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Our friend Duke.....My heart goes out to you. As everyone says, it's not your fault, what happened, but your feelings are real and hard to deal with. You didn't know and were doing everything you could to help your mother. You do have a such a wonderful life ahead of you and with the compassion you have it will turn out to be a very good life. You could be my grandson and it is great that your grandfather is watching out for you. I am so very sorry what you two are going through. It's extremely tough, especially for someone so young. I sure don't know what your solution about college is but sometimes it helps to be busy and keeping your mind active. You will feel these feelings, they'll come and go, but you do need to take care of yourself and, again, I'm so sorry. I do hope you'll keep in touch with us. We do understand and know what you're going through...each in our own ways. Take care of yourself, Duke, and your sister. Just give her a big hug.

Your friend....Karen

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Duke, I am so sorry about the loss of your mother. It was absolutely NOT your fault that she passed when she did. It was just the way it went...and I'm sure that it is hard for you to understand that.

As far as "not feeling", I cried during the time when we know that mom was dying and I cried after for a little while. Here and there I would cry, but it wasn't until about 6 weeks later that the world crashed around me and I was experiencing real grief. It's all a process and we all have different ways and times of goint through. Don't be so hard on yourself. You are grieving even if you aren't crying about it.

And I was so suprised to see how a couple readers in the "spouse" grieving community took your post. They probably hadn't seen your posts in this community about "losing a parent" and assumed something different. I'm sorry about that for you.

Take care...Lori

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As I mentioned in the other forum, our pastor said something that really stuck with me. "Listen quickly, speak slowly. We have two ears that were made "open" and one mouth that was made "shut." It's a good thing for us all to remember.

.....Your friend, Karen :rolleyes:;)

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Dear Duke:

I had read your post when I first joined the group - guess there was little I could say to ease your feelings. Until today.

My Mom was on a feeding tube since last year, and I became even her nurse learning about feeding, medicating and hydrating through the tube...She could swallow but refused. Mom passed away less than two weeks ago with pneumonia listed as the cause. There was alot of congestion in her the last day of her life.

Ironically, last week my father required a feeding tube. Today, at nursing home, I discussed his hydration and based on what he's getting, I'm getting the impression that Mom may have gotten a tad too much water in later weeks - on doc's orders - but upping the cc's of hydration plus added water following meds as prescribed, I now wonder did we cause the congestion? I know we followed orders, and Mom had serious other problesm, but can't help but sympathize with you now - and I just had to post.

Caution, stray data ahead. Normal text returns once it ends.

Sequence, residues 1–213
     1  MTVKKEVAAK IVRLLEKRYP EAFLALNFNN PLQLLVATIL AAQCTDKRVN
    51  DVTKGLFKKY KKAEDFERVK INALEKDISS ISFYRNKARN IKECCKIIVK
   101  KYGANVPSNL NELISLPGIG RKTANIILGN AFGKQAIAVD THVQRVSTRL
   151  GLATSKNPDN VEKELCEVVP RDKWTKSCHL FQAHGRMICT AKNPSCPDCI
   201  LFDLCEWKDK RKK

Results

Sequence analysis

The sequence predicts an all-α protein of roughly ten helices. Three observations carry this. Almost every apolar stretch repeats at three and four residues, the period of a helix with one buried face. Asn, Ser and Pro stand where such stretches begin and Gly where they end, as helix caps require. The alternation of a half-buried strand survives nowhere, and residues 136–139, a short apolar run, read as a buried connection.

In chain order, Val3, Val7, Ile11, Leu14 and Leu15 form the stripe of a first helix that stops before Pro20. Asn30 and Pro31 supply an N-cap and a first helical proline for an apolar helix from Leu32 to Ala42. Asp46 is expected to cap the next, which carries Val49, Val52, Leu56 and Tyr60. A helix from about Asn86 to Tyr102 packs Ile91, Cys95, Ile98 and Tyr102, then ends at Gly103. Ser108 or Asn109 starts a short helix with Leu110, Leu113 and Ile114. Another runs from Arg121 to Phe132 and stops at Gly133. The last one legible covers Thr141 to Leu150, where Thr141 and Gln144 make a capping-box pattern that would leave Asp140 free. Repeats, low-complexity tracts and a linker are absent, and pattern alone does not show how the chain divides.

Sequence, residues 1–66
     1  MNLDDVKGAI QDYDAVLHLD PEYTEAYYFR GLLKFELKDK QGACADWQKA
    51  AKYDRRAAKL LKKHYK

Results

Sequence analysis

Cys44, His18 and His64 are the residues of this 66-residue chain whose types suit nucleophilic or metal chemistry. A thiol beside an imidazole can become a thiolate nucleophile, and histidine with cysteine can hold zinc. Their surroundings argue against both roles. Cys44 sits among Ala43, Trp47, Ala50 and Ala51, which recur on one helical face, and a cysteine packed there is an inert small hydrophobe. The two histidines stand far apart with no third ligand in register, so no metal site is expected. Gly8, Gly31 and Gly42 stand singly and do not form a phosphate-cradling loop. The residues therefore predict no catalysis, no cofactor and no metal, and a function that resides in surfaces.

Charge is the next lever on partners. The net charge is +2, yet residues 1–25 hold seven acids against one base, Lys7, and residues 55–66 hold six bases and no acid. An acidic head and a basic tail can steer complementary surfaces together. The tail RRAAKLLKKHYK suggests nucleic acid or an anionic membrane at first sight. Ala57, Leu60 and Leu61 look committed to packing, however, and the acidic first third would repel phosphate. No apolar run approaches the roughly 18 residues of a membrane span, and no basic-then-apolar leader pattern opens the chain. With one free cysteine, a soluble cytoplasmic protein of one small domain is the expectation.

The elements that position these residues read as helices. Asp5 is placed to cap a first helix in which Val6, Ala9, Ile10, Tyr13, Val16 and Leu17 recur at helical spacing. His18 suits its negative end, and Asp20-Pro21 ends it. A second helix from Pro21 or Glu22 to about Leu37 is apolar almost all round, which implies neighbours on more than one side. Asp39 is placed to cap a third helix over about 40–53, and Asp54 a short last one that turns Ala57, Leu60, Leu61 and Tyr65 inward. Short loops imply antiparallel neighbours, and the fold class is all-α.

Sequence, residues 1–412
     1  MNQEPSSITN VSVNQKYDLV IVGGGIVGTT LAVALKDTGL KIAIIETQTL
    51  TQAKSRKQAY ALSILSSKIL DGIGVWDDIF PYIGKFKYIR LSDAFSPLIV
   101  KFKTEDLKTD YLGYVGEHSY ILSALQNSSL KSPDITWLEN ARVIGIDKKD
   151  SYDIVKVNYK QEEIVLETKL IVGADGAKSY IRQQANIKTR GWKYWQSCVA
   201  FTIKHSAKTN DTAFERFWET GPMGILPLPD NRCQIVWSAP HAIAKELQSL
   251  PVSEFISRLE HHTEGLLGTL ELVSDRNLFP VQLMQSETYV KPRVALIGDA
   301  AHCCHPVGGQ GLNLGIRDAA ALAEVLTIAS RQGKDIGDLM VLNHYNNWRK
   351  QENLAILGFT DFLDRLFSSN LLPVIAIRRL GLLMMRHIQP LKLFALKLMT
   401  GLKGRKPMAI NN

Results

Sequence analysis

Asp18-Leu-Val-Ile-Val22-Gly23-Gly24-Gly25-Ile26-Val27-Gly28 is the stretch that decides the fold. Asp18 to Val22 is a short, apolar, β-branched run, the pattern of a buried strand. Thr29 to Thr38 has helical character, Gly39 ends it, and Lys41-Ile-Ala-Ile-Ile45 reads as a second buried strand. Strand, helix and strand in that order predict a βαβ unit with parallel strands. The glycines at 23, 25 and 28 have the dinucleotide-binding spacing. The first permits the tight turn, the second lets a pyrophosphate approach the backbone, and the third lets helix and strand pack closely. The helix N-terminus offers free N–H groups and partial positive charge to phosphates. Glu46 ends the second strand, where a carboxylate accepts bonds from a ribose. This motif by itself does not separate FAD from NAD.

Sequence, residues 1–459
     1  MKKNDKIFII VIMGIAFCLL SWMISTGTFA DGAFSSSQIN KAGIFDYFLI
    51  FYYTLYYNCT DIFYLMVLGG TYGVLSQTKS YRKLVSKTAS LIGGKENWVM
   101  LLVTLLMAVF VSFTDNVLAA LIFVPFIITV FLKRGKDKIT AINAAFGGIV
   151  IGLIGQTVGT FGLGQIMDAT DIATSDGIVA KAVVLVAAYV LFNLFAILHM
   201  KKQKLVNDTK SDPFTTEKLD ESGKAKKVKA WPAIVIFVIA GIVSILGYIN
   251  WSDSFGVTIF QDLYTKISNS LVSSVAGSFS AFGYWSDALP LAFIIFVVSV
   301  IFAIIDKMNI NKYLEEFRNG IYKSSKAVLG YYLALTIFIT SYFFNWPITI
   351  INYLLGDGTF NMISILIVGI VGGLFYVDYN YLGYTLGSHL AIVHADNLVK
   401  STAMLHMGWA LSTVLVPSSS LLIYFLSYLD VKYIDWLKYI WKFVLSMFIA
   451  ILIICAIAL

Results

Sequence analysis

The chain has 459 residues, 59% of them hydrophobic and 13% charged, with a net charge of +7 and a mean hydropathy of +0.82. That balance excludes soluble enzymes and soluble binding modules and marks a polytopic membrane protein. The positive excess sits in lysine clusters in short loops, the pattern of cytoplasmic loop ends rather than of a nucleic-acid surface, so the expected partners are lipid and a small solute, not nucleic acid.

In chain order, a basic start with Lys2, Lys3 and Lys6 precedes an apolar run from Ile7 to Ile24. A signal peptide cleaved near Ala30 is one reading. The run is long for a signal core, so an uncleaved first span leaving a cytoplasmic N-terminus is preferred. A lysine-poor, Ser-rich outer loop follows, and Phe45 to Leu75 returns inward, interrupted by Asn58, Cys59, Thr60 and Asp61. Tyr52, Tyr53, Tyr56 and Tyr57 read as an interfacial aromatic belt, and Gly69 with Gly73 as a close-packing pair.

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  • 1 month later...

Dear Christian,

It was sad to read about your current situation, as it hit me close to home. I know exactly how you feel, it's almost as if the world just turned around and kicked you in the ass. Not to say it lightly but that's how it works, these things unfortunately hit us hard when we are least ready for them. One thing you must remember none of this is your fault, so get the thoughts of " i killed my own mother" out of your head as those thoughts will bring you nothing but more pain. Their were definitely times where i would think, i wish i had said that or did that with my dad. This thinking lead myself on a path for destruction, dont let people tell you to "suck it up" as we all heal differently. Especially if this comment is coming from someone who has not been exposed to death, because they cannot relate, your body will let you know when it is ready, however i do believe your grandfather is right, that you should probably be in college right away, yes it will be tough but it will help you to perservere and become stronger. When i lost my father, i was 19 i was in my first semester of college i had, like yourself missed some class to help him out around the house i dont regret missing school but i can say i am glad i stuck with it for i feel stronger than most others now and more mature. The loss of a parent is a very hard thing but try taking a different approach to your days, like what would my mother of wanted me to do?, or how can i help out and be strong for my sister?

And believe me Christian, their were tough times at first but i got intouch with some similar people who had been around disease and death, and it opened my eyes. In all honesty i couldnt tell you a week goes by without thinking of my father, but i like to remember the good times.

School can be a form of healing, When the world gets tough i like to think get tough and smile back at the world.

The toughts about killing your mother, well she as you said took aliking to those milkshakes, well would you have really told her no you cant have one if she had asked. Dont dwell in the past try to shed light on the future and be there for the ones around you. I know it is a tough thing to do especially at your age but I promise you Christian, the sooner you look past the negative aspects of your life the sooner you will be back on your feet and ready to start healing. In some last words i can only say i hope for you to have some positive light in the near future and i am deeply sorry to hear of you loss.

Also if you wish to talk, i would be more than willing to hear what you have to say (480) 634-0951



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Dear Christian,

I am very sorry for your loss.

Fifteen years ago, i lost my father through a very terrible way of dying. He was murdered brutally. Reading your post now brought back a lot of emotions. I remember those early months, i felt so numb, and very angry with the man who killed him. At a young age of 14, i saw the ugliness and brutality of the world. It was very traumatic for me.

But as months pass by, my relationship with God grew, and I was able to forgive and pray for the man who murdered him. It was hard at first, but by letting go of the anger, i found peace again.

I miss my father so much. How i wish he is with me now to comfort me during my darkest moments, how i wish i can feel his hugs again. Life can really be pretty cruel, but we have to go on.

Hang in there Christian. Whenever i feel guilty, whenever i find myself thinking of 'should haves', i just have to think that our loved ones will never want us to feel guilty in any way. You have showned your mother how much u love her. When my mother got sick and wont eat, i got really scared and will do everything to make her eat. You have done the best thing that you could at that time.

I will keep you in my prayers Christian.